Remarks by Ambassador Susan E. Rice
U.S. Permanent Representative to the United Nations, at the Security Council Stakeout
April 16, 2012
– As delivered –
Ambassador Rice: Good morning, everyone. Today the UN Security Council adopted a Presidential Statement that “strongly condemns” North Korea’s recent attempt to launch a satellite using ballistic missile technology. The swift and unanimous adoption of this strong presidential statement shows that the international community is united in sending a clear message to North Korea that such provocations are serious and totally unacceptable.
Critically, the Security Council made clear that there will be consequences for any future North Korean launch or nuclear test. If North Korea chooses again to defy the international community, then the Council has expressed its determination to take action accordingly. In this PRST, the Security Council underscored that any such launch — no matter whether it is called a satellite or a space launch vehicle — is a “serious violation” of Security Council resolutions 1718 and 1874. The Council also deplored that this launch has caused grave security concerns in the region.
The Security Council demanded that North Korea not proceed with any further launches using ballistic missile technology and that North Korea comply with its obligations under previous Security Council resolutions by suspending all activities related to its ballistic missile program and reestablish a moratorium on missile launches. The Security Council also demanded that North Korea comply immediately with its obligations under previous Security Council resolutions, including that it abandon its nuclear programs, cease all related activities, and not conduct any further launch, any nuclear test, or any further provocation.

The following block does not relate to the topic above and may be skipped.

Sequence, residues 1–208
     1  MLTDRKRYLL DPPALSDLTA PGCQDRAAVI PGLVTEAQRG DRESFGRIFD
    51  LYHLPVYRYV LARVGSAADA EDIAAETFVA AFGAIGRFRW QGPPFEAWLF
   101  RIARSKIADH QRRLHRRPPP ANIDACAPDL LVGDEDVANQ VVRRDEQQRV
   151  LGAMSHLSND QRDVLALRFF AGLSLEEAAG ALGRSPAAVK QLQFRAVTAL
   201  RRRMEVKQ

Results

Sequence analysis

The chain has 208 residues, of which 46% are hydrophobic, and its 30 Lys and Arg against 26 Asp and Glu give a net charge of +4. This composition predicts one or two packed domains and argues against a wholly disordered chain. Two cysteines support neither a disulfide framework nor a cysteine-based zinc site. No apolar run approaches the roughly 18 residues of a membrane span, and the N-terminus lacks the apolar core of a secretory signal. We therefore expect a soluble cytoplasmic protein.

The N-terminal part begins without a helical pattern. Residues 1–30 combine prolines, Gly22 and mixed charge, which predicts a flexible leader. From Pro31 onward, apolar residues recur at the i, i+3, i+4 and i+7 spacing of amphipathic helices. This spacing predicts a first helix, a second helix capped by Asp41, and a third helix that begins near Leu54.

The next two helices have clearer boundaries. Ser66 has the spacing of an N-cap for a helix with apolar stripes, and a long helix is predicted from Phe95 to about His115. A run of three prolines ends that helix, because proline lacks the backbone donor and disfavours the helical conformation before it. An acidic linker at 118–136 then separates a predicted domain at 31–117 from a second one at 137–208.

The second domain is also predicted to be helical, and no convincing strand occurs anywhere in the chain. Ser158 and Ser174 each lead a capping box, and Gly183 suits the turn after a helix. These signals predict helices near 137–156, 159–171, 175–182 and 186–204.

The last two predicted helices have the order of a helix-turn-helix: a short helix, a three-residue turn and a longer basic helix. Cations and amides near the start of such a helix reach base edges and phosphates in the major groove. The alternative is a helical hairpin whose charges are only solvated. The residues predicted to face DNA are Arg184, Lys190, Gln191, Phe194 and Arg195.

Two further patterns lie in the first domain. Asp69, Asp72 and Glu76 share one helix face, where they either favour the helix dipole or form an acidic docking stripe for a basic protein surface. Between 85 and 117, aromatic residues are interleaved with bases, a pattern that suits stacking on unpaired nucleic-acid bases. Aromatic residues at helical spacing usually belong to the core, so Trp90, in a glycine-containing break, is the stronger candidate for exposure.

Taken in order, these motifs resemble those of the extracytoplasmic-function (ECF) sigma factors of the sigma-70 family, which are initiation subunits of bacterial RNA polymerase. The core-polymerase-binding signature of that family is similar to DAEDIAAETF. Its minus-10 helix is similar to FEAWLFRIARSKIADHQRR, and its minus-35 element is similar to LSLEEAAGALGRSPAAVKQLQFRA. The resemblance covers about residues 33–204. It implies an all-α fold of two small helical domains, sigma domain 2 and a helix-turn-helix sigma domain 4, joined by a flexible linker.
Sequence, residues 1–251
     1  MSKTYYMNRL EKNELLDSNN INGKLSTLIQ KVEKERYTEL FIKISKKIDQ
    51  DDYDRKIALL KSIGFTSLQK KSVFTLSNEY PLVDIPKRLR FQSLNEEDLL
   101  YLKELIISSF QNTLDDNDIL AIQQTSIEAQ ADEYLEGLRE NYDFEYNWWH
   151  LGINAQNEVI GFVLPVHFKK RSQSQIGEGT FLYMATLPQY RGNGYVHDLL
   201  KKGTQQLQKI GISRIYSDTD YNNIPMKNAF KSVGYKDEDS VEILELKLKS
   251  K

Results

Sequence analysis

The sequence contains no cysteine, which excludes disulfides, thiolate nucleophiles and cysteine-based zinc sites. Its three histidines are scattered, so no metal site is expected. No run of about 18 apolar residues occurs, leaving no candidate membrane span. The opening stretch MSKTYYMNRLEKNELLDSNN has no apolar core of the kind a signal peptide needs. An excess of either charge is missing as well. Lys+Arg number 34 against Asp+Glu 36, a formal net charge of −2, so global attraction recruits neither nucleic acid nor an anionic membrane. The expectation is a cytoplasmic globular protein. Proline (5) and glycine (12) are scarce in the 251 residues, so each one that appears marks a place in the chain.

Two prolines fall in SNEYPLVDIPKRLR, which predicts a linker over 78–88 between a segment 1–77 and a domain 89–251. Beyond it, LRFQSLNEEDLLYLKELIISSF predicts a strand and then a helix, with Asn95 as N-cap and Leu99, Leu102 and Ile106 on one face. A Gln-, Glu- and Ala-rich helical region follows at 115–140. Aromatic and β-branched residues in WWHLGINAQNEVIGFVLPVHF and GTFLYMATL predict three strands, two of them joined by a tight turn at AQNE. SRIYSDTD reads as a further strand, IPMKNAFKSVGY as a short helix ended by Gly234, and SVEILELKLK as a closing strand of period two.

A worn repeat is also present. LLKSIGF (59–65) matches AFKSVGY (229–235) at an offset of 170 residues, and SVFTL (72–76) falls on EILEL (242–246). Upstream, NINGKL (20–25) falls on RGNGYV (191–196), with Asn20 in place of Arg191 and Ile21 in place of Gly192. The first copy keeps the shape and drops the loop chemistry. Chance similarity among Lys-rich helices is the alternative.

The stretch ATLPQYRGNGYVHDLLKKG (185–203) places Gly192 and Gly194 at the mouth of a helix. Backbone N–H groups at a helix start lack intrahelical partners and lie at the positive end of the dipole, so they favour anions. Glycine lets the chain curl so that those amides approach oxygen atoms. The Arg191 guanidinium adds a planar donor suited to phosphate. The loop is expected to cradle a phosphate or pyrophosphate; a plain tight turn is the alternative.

To ensure that there is a consequence for North Korea’s launch, this PRST also provides for new sanctions. The Security Council directed its North Korea Sanctions Committee to designate additional North Korean entities, including companies, to be subject to an asset freeze, as well as to identify additional proliferation-sensitive technology to be banned for transfer to and from North Korea. The Committee will also take several other actions to improve enforcement of existing sanctions.